Smolensky hopes to publish his full study, expanding to 55 metro areas, later this year. But this research will merely quantify what many doctors already know: The ER has changed. Demoralized by an increased focus on profit, and wary of a looming surplus of emergency medicine residents because there are fewer jobs to fill, many experienced doctors are leaving the ER on their own, he said.

“Most of us didn’t go into medicine to supervise an army of people that are not as well trained as we are,” Smolensky said. “We want to take care of patients.”

Download Modern Healthcare’s app to stay informed when industry news breaks.


‘I guess we’re the first guinea pigs for our ER’

Joshua Allen, a nurse practitioner at a small Kentucky hospital, snaked a rubber hose through a rack of pork ribs to practice inserting a chest tube to fix a collapsed lung.

It was 2020, and American Physician Partners was restructuring the ER where Allen worked, reducing shifts from two doctors to one. Once Allen had placed 10 tubes under a doctor’s supervision, he would be allowed to do it on his own.

“I guess we’re the first guinea pigs for our ER,” he said. “If we do have a major trauma and multiple victims come in, there’s only one doctor there. … We need to be prepared.”

Allen is one of many midlevel practitioners finding work in emergency departments. Nurse practitioners and physician assistants are among the fastest-growing occupations in the nation, according to the U.S. Bureau of Labor Statistics.

Generally, they have master’s degrees and receive several years of specialized schooling but have significantly less training than doctors. Many are permitted to diagnose patients and prescribe medication with little or no supervision from a doctor, although limitations vary by state.

The Neiman Institute found that the share of ER visits in which a midlevel practitioner was the main clinician increased by more than 172% between 2005 and 2020. Another study, in the Journal of Emergency Medicine, reported that if trends continue there may be equal numbers of midlevel practitioners and doctors in ERs by 2030.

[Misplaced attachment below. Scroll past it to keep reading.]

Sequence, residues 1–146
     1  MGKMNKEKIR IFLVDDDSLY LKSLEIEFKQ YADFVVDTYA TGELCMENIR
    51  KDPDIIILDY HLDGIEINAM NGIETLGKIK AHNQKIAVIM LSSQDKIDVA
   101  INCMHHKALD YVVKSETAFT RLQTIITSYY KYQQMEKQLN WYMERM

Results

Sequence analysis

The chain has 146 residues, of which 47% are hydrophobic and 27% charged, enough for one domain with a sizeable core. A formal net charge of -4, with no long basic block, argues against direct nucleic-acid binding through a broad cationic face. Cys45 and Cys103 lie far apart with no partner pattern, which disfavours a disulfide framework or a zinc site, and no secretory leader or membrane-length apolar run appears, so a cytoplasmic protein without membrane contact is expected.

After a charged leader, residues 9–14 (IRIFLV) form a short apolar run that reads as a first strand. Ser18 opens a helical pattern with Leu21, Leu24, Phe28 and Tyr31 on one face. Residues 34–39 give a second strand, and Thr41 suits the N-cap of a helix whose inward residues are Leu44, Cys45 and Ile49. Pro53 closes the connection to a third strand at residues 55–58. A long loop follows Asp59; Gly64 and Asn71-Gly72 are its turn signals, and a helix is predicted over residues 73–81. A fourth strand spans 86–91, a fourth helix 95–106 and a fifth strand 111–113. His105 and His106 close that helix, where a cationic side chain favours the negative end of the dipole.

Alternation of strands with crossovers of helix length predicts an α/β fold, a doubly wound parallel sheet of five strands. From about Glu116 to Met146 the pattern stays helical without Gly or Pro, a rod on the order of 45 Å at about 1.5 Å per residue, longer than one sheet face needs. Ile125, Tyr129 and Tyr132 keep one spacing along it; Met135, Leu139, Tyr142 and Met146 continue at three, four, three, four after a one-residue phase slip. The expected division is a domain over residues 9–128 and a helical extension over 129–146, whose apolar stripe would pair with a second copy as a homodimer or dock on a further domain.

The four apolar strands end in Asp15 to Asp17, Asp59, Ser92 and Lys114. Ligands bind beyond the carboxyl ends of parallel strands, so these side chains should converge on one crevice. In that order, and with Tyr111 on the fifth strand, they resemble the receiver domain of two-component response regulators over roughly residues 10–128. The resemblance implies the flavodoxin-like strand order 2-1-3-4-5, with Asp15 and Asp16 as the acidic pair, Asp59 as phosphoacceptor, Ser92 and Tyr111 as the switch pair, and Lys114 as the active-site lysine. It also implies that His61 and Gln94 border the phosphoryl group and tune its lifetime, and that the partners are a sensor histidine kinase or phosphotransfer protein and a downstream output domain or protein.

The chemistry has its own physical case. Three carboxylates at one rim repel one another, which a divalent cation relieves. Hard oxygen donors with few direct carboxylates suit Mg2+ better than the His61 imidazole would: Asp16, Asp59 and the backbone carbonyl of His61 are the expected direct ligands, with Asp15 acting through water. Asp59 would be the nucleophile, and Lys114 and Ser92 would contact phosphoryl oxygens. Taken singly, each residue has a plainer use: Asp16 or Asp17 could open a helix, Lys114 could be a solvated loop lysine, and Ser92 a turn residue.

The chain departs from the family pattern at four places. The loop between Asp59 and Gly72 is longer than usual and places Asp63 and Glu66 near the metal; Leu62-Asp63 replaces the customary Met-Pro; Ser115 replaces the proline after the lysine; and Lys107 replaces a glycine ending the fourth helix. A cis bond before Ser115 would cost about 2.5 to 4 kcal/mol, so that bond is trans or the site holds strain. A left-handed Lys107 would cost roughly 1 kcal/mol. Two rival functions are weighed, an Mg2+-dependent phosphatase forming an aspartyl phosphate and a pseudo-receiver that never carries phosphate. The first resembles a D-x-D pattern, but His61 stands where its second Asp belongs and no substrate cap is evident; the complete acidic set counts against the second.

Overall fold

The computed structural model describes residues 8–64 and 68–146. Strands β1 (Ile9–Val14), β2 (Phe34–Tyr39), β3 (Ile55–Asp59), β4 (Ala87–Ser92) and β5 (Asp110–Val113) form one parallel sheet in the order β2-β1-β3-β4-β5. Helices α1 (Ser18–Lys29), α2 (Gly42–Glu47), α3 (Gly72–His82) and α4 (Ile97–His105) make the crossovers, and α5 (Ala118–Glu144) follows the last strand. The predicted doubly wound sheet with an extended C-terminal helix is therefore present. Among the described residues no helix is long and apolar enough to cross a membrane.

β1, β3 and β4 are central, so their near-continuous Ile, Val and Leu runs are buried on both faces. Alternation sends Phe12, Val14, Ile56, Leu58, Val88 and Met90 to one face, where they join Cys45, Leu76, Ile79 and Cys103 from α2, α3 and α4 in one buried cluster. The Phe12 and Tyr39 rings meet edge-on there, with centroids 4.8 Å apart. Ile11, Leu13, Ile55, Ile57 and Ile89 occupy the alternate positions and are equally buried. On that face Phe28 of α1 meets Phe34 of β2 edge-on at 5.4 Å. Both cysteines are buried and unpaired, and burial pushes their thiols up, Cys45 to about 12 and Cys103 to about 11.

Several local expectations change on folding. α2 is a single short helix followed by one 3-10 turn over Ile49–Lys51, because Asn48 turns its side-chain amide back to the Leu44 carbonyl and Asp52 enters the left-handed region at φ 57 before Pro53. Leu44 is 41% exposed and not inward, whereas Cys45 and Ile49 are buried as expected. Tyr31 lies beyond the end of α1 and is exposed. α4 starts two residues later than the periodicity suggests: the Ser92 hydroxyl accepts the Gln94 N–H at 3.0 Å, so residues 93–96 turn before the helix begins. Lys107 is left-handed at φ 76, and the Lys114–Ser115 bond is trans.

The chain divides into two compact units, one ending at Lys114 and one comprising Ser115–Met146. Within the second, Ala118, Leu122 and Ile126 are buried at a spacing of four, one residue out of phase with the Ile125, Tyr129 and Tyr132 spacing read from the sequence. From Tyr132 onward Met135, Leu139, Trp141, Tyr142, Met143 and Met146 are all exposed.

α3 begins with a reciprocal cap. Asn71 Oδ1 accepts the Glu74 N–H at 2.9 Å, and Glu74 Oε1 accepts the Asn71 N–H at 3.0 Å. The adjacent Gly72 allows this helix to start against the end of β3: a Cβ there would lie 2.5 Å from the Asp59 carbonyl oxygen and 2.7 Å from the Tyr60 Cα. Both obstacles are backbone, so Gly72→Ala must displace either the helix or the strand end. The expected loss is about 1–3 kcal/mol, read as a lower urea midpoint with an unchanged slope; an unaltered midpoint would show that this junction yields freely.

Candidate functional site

There is little mystery as to why. Federal data shows emergency medicine doctors are paid about $310,000 a year on average, while nurse practitioners and physician assistants earn less than $120,000. Generally, hospitals can bill for care by a midlevel practitioner at 85% the rate of a doctor while paying them less than half as much.

Private equity can make millions in the gap.

For example, Envision once encouraged ERs to employ “the least expensive resource” and treat up to 35% of patients with midlevel practitioners, according to a 2017 PowerPoint presentation. The presentation drew scorn on social media and disappeared from Envision’s website.

Envision declined a request for a phone interview. In a written statement to KHN, spokesperson Aliese Polk said the company does not direct its physician leaders on how to care for patients and called the presentation a “concept guide” that does not represent current views.

American Physician Partners touted roughly the same staffing strategy in 2021 in response to the No Surprises Act, which threatened the company’s profits by outlawing surprise medical bills. In its confidential pitch to lenders, the company estimated it could cut almost $6 million by shifting more staffing from physicians to midlevel practitioners.

Kaiser Health News is a national health policy news service. It is an editorially independent program of the Henry J. Kaiser Family Foundation which is not affiliated with Kaiser Permanente.

Mon, 13 Feb 2023 03:41:00 -0600 en text/html https://www.modernhealthcare.com/providers/hospitals-physicians-emergency-rooms-costs-nurse-practitioners-private-equity-teamhealth-envision
Killexams : Best Adobe After Effects alternatives 2023: free and paid VFX software

The best Adobe After Effects alternatives offer powerful visual effects software - whatever your experience and budget.